The publicity is really rolling on No Time To Die this week, with producers Barbara Broccoli and Michael G. Wilson giving a rare interview to Variety as part of the magazine’s cover story on the film. The half-siblings have produced every Bond film since 1990 when Cubby Broccoli stepped back in the wake of Licence To Kill underwhelming at the box office, and as such have plenty to say about exactly how to run a long-running franchise.
Predictably, the pair don’t spill anything new about No Time To Die beyond promising, “We have come to an emotionally satisfying conclusion,’ and reiterating Broccoli’s state of denial about Daniel Craig leaving the franchise, and that leads to some fascinating speculation about the next actor to play James Bond.
This isn’t at the level of names just yet, and the duo insist they haven’t got a plan in place for the post-Craig era, but what they have to say about the options is interesting. “You think of [Bond] as being from Britain or the Commonwealth, but Britain is a very diverse place,” says Wilson, while Broccoli adds, “He can be of any color, but he is male. I believe we should be creating new characters for women — strong female characters. I’m not particularly interested in taking a male character and having a woman play it. I think women are far more interesting than that.’
We’ll get a chance to see what that looks like when the Broccoli-produced The Rhythm Section finally hits screens at the end of the month, but it’s clear she wants to put the Jane Bond idea to bed while being completely open to the idea of expanding the diversity of Bond.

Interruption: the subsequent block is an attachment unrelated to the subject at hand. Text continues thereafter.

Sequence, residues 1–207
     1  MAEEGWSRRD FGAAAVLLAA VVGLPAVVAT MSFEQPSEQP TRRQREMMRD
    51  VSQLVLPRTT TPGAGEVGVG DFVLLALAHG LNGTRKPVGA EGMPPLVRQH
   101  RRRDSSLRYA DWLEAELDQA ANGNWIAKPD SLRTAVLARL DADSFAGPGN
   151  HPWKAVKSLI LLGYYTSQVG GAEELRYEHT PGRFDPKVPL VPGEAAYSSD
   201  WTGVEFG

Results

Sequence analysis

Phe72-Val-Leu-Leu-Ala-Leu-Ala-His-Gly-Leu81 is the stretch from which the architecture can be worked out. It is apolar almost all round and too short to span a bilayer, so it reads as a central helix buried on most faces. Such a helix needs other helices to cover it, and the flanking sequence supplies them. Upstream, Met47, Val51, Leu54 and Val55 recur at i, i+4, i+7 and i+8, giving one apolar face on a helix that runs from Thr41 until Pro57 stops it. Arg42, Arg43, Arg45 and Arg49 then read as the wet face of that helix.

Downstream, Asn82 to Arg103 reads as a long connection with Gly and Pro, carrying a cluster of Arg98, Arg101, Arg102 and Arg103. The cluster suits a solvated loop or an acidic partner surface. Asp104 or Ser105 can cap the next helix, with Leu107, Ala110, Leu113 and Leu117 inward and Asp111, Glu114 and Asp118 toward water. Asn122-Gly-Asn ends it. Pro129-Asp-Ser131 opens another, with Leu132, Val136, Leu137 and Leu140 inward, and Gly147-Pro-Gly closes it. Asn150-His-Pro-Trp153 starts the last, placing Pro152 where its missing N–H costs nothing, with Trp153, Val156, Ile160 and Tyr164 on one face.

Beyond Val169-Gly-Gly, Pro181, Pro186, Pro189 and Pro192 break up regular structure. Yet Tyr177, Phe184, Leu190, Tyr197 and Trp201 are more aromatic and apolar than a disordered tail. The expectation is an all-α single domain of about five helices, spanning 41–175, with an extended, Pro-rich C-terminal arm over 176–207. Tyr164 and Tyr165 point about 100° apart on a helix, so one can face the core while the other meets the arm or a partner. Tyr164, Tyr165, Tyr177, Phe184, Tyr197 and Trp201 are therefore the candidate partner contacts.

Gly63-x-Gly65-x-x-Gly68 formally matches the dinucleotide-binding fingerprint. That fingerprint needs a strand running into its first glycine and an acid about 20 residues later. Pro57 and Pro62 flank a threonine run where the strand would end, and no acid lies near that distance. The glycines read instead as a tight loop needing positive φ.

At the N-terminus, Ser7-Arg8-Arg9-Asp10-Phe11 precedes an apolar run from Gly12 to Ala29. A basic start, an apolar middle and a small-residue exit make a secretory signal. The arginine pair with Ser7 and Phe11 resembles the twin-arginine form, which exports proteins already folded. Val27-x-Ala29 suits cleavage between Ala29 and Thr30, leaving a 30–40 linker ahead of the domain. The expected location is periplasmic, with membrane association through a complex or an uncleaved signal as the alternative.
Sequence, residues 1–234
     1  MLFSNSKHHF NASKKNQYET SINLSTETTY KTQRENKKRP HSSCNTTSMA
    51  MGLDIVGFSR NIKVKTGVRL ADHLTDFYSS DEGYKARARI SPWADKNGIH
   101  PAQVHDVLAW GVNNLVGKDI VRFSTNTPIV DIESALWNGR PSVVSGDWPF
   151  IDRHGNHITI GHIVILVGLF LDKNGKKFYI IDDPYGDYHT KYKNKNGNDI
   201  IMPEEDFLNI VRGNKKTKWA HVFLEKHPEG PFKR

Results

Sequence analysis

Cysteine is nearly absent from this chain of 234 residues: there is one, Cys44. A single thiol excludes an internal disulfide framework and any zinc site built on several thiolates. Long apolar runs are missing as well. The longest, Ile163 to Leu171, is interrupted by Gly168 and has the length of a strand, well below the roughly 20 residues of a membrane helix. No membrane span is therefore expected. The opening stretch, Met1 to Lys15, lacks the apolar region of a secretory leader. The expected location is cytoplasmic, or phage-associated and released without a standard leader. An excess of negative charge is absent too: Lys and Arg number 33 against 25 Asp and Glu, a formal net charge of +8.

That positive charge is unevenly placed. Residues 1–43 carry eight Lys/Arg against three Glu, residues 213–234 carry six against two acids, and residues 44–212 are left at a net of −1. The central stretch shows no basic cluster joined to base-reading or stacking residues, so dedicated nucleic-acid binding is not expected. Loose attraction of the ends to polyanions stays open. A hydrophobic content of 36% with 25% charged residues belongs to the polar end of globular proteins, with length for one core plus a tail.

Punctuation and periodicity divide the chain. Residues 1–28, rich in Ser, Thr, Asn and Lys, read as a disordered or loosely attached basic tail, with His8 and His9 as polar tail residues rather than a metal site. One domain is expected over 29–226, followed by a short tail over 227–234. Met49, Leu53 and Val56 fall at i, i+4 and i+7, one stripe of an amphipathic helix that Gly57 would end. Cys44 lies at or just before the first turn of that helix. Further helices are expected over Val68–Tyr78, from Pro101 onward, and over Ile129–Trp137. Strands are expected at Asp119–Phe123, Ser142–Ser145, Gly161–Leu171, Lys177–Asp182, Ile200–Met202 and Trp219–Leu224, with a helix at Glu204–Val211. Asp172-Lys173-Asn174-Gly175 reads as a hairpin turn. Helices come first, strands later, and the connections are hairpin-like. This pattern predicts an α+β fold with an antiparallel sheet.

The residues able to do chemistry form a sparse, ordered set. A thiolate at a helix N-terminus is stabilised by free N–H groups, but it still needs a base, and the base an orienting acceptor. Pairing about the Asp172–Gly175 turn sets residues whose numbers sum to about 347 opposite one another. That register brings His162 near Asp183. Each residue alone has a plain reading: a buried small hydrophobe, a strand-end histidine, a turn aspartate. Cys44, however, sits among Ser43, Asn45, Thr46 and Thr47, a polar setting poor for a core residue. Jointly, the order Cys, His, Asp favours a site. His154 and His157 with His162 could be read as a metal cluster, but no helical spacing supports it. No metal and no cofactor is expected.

It’s a great interview with some cool timeline details about the comings and goings behind the scenes on No Time To Die and insight into the Jinx spin-off from Die Another Day that never happened, while Broccoli also addresses the new film’s position in the #MeToo era, saying, “Bond’s been evolving along with all the other men in the world. Some have just gotten there more quickly than others.”
Meanwhile, the business of Bond continues with the release of an advert for long-time Bond partner Heineken, blurring the lines between Daniel Craig and James Bond as a tribute to Craig’s 14-year tenure in the role and the inevitability that it will follow him for the rest of his days even as he indulges some of those comic chops we’ve seen recently in his non-Bond roles and rejects the familiar cocktail.
The access we’re seeing to the inner workings of No Time To Die is unusual and clearly part of a push to get past the image of a troubled production, and getting this kind of insight into the thinking of the brains behind the franchise is priceless. Hopefully it’ll keep coming as the film heads for release.
Over to you: thoughts on Broccoli’s position about the future? Got some more diverse picks for the next James Bond? Ideas for female-led spin-offs you’d like to see? Sound off in the comments below.
As of this writing, No Time To Die will be released globally from April 2nd 2020 in the UK and April 10th 2020 in the USA.
Correction: in yesterday’s item about Billie Eilish singing the title song for No Time To Die I failed to use Sam Smith’s correct pronouns. This was an oversight on my part for which I apologise to them unreservedly.